When the economic crisis and vicious credit crunch of 2008 hit, Toyota Financial Services (TFS) moved adroitly to tap the friendliest funding sources, reassure lenders and investors, and win an Alexander Hamilton bronze award in 2009 for its success in liquidity management. So why is TFS back in the winners' circle again, this time for a gold award for liquidity management? Because the crisis exposed weaknesses in its liquidity risk models, and TFS went to work to build a better mousetrap, explains Amit Shroff, head of financial planning and analysis and market risk for the Torrance, Calif., auto finance company.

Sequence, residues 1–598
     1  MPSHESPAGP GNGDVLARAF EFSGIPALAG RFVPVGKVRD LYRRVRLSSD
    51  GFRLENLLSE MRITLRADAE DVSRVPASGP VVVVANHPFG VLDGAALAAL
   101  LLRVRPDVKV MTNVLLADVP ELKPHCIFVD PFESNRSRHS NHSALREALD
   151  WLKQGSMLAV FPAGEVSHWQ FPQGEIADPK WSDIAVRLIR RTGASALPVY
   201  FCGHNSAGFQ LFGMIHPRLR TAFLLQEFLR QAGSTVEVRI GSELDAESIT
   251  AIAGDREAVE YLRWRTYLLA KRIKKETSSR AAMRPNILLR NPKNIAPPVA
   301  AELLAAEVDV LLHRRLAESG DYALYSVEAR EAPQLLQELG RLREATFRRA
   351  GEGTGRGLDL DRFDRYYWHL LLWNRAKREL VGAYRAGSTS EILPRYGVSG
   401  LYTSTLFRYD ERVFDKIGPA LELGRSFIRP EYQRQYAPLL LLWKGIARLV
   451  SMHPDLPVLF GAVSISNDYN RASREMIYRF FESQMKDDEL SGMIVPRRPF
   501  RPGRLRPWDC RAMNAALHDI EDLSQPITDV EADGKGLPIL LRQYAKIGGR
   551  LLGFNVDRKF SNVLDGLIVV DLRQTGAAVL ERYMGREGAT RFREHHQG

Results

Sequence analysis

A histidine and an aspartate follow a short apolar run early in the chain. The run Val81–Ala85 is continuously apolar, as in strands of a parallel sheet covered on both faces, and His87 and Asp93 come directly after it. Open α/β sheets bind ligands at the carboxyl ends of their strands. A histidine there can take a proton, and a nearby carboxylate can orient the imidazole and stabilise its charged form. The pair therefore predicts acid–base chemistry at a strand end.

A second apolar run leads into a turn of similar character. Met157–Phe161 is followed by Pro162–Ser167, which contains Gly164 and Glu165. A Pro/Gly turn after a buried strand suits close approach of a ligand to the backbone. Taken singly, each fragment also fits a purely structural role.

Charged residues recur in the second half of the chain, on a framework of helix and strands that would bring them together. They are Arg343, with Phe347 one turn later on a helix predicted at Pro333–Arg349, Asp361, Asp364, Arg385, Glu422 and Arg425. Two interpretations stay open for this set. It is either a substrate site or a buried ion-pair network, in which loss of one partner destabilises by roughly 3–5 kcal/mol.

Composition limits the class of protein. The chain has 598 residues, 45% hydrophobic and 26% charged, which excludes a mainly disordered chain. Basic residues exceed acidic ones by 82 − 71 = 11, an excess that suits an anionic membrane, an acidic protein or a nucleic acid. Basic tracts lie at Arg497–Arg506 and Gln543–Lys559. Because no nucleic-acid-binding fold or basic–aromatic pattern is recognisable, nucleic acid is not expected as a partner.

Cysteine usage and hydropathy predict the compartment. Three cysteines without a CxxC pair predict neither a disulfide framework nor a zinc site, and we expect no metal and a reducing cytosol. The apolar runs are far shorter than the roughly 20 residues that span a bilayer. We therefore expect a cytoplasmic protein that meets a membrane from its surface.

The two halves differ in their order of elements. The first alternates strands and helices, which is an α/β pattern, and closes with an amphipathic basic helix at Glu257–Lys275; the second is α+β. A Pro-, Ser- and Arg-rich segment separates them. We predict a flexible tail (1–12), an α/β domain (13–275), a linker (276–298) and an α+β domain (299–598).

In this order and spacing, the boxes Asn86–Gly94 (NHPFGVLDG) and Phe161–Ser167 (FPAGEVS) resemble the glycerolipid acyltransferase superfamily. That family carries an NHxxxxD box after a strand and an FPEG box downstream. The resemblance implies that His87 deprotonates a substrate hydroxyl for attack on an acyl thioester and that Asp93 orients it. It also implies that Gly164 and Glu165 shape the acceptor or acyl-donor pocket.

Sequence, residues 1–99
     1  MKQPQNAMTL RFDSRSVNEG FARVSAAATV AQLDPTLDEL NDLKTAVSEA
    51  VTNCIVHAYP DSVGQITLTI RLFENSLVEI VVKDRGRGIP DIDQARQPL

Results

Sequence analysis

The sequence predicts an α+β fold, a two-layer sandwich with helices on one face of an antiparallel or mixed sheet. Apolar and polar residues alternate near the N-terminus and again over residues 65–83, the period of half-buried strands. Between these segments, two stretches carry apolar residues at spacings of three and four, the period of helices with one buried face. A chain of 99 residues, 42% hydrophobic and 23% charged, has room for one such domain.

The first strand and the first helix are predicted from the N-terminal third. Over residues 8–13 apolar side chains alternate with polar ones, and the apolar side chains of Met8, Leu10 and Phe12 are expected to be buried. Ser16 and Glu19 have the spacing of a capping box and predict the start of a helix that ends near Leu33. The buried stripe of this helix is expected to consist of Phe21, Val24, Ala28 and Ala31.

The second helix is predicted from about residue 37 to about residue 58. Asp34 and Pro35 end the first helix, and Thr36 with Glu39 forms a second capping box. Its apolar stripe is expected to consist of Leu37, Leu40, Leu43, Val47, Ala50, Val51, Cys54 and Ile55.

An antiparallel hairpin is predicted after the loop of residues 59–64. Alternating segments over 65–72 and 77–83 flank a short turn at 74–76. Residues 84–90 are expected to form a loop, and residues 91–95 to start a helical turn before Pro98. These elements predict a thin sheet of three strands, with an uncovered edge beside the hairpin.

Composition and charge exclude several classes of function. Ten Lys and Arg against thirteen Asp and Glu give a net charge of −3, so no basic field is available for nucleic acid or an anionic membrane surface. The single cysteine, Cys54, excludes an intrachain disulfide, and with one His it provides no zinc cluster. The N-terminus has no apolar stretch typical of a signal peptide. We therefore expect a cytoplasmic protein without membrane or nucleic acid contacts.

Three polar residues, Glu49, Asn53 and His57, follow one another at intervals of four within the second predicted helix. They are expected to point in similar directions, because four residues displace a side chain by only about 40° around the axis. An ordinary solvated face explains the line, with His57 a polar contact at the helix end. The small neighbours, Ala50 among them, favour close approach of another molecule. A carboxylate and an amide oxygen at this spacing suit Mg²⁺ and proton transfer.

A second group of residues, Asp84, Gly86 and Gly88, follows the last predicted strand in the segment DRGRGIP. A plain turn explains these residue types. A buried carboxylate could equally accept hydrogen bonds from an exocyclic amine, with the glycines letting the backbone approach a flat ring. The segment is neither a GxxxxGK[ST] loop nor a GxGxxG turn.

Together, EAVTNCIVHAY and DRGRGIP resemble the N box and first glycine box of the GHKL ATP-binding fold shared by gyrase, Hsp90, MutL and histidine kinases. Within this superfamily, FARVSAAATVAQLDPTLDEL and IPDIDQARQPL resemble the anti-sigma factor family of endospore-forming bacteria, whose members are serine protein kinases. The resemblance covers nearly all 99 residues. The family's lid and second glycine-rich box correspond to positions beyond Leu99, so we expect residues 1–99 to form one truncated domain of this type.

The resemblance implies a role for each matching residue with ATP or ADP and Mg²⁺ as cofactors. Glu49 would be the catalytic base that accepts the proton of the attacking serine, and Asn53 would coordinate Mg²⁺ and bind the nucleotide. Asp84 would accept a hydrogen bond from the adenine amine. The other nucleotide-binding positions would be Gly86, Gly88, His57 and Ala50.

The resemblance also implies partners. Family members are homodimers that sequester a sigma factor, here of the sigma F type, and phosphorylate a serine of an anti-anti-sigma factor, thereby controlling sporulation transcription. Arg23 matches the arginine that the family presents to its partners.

The tool was under development but already useful when Toyota was rocked by a series of automobile recalls in 2010 that shook investor confidence and temporarily shut TFS out of the term funding markets. Armed with more sophisticated metrics that embraced the whole balance sheet and used scenario analysis and dynamic risk management metrics in addition to static ones, TFS liquidity managers were able to move quickly to diversify funding sources. TFS launched its first asset-backed commercial paper program, re-entered the market for longer maturity asset-backed securities, and increased and extended (but did not use) bilateral lines of credit to maintain adequate liquidity to support car sales.